Breaking the Durbin Code
What Dick Durbin said, what he really meant, and why the Senate should vote to censure him.
12:00 AM, Jun 20, 2005 • By HUGH HEWITT
I believe the torture techniques that have been used at Abu Ghraib and Guantanamo and other places fall into that same category. I am confident, sadly confident, as I stand here, that decades from now people will look back and say: What were they thinking? America, this great, kind leader of a nation, treated people who were detained and imprisoned, interrogated people in the crudest way? I am afraid this is going to be one of the bitter legacies of the invasion of Iraq.
We were attacked on September 11, 2001. We were clearly at war.
We have held prisoners in every armed conflict in which we have engaged. The law was clear, but some of the president's top advisers questioned whether we should follow it or whether we should write new standards.
Alberto Gonzales, then-White House chief counsel, recommended to the president the Geneva Convention should not apply to the war on terrorism.
Colin Powell, who was then Secretary of State, objected strenuously to Alberto Gonzales' conclusions. I give him credit. Colin Powell argued that we could effectively fight the war on terrorism and still follow the law, still comply with the Geneva Conventions. In a memo to Alberto Gonzales, Secretary Powell pointed out the Geneva Conventions would not limit our ability to question the detainees or hold them even indefinitely. He pointed out that under Geneva Conventions, members of al Qaeda and other terrorists would not be considered prisoners of war.
There is a lot of confusion about that so let me repeat it. The Geneva Conventions do not give POW status to terrorists.
In his memo to Gonzales, Secretary Powell went on to say setting aside the Geneva Conventions "will reverse over a century of U.S. policy and practice . . . and undermine the protections of the law of war for our own troops . . . It will undermine public support among critical allies, making military cooperation more difficult to sustain."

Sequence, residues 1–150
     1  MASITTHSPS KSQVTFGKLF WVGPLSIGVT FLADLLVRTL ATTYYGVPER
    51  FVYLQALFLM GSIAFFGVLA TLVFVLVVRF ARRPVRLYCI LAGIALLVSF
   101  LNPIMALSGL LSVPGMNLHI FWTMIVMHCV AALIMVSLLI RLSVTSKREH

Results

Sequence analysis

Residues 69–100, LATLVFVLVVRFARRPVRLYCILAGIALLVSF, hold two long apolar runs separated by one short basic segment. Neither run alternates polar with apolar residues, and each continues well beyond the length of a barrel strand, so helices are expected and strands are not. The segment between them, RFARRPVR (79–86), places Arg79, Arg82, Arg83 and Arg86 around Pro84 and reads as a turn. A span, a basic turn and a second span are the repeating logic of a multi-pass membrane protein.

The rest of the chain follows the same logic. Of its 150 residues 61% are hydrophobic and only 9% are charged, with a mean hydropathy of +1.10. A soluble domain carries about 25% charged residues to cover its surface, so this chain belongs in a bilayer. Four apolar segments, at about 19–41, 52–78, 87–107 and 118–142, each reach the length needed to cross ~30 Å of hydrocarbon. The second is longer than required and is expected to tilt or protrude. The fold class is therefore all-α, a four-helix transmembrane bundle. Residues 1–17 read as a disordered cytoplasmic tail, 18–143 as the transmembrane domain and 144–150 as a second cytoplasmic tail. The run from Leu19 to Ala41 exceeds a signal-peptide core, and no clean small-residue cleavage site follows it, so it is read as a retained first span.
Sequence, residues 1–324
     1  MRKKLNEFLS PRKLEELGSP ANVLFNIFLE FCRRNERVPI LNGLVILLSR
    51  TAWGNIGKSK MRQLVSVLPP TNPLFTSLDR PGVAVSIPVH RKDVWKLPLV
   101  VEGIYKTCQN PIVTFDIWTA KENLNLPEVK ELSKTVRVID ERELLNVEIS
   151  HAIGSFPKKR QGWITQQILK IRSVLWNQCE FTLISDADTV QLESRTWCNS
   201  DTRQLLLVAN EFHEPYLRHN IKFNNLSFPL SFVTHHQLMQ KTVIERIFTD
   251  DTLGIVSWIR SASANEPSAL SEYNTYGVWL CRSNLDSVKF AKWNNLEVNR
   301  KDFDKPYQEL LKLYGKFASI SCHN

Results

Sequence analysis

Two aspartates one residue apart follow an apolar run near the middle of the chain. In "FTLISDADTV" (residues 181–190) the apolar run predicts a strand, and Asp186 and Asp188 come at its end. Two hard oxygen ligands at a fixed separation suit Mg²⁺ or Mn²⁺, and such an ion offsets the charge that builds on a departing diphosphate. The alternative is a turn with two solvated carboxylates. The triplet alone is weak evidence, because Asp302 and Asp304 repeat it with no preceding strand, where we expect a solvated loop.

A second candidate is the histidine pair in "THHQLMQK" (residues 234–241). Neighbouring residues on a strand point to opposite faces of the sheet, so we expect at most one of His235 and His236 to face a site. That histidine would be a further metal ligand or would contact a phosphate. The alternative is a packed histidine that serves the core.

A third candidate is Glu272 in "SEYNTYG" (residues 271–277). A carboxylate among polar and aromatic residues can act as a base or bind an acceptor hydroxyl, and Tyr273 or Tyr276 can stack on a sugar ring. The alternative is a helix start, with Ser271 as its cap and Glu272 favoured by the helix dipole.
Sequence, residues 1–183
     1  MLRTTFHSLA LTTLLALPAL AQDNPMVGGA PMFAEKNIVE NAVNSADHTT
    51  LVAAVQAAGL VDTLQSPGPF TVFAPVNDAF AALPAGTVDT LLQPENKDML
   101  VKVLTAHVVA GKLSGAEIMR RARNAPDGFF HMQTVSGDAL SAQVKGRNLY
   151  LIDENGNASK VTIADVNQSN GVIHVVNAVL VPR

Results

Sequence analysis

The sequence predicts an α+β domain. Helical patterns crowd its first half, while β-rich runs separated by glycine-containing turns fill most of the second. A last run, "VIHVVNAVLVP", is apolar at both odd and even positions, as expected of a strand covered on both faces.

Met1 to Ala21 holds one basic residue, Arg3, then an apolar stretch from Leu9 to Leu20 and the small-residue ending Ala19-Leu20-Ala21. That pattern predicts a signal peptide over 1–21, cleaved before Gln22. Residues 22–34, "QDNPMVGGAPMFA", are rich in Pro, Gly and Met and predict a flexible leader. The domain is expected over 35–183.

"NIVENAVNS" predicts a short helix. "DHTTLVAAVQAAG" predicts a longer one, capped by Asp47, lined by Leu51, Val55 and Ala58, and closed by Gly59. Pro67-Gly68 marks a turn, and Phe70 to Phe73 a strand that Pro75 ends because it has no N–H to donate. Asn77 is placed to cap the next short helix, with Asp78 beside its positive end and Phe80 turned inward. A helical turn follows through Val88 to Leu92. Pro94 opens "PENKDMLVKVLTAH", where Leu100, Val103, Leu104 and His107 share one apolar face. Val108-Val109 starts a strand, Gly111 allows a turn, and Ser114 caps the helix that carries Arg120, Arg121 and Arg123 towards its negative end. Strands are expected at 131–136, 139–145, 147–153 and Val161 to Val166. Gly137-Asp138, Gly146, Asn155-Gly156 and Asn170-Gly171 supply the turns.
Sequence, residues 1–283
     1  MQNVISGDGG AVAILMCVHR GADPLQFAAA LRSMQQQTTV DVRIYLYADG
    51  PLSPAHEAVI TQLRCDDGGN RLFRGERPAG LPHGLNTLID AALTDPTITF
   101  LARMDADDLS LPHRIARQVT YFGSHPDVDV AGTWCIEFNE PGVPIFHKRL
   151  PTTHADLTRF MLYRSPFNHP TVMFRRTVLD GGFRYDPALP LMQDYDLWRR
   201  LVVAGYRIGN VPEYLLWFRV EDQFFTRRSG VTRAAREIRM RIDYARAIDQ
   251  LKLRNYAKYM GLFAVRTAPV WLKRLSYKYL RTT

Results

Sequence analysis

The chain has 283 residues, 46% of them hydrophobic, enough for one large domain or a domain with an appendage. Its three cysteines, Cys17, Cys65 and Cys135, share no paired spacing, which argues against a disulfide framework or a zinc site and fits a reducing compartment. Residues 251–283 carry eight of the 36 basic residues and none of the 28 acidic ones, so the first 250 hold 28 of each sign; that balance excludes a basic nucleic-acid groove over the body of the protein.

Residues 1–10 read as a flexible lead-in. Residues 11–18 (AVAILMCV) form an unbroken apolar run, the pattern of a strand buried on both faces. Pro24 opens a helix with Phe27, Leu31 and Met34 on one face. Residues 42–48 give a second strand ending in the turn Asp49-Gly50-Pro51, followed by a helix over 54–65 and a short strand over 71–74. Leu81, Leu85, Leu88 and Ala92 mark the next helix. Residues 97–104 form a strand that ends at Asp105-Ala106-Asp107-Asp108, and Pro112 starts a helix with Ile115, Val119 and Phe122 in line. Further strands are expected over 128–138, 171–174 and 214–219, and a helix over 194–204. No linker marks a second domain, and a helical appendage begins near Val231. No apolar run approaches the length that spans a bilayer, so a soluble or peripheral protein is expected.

When you look at the negative publicity about Guantanamo, Secretary Colin Powell was prophetic.
Unfortunately, the president rejected Secretary Powell's wise counsel, and instead accepted Alberto Gonzales' recommendation, issuing a memo setting aside the Geneva Conventions and concluding that we needed "new thinking in the law of war."
After the president decided to ignore Geneva Conventions, the administration unilaterally created a new detention policy. They claim the right to seize anyone, including even American citizens, anywhere in the world, including in the United States, and hold them until the end of the war on terrorism, whenever that may be.
For example, they have even argued in court they have the right to indefinitely detain an elderly lady from Switzerland who writes checks to what she thinks is a charity that helps orphans but actually is a front that finances terrorism.
They claim a person detained in the war on terrorism has no legal rights--no right to a lawyer, no right to see the evidence against them, no right to challenge their detention. In fact, the government has claimed detainees have no right to challenge their detention, even if they claim they were being tortured or executed.
This violates the Geneva Conventions, which protect everyone captured during wartime. The official commentary on the convention states: "Nobody in enemy hands can fall outside the law."
That is clear as it can be. But it was clearly rejected by the Bush administration when Alberto Gonzales as White House counsel recommended otherwise.
U.S. military lawyers called this detention system "a legal black hole." The Red Cross concluded, "U.S. authorities have placed the internees in Guantanamo beyond the law."
Using their new detention policy, the administration has detained thousands of individuals in secret detention centers all around the world, some of them unknown to members of Congress. While it is the most well-known, Guantanamo Bay is only one of them. Most have been captured in Afghanistan and Iraq, but some people who never raised arms against us have been taken prisoner far from the battlefield.
Who are the Guantanamo detainees? Back in 2002, Secretary Rumsfeld described them as "the hardest of the hard core." However, the administration has since released many of them, and it has now become clear that Secretary Rumsfeld's assertion was not completely true.
Military sources, according to the media, indicate that many detainees have no connection to al Qaeda or the Taliban and were sent to Guantanamo over the objections of intelligence personnel who recommended their release. One military officer said: "We're basically condemning these guys to a long-term imprisonment. If they weren't terrorists before, they certainly could be now."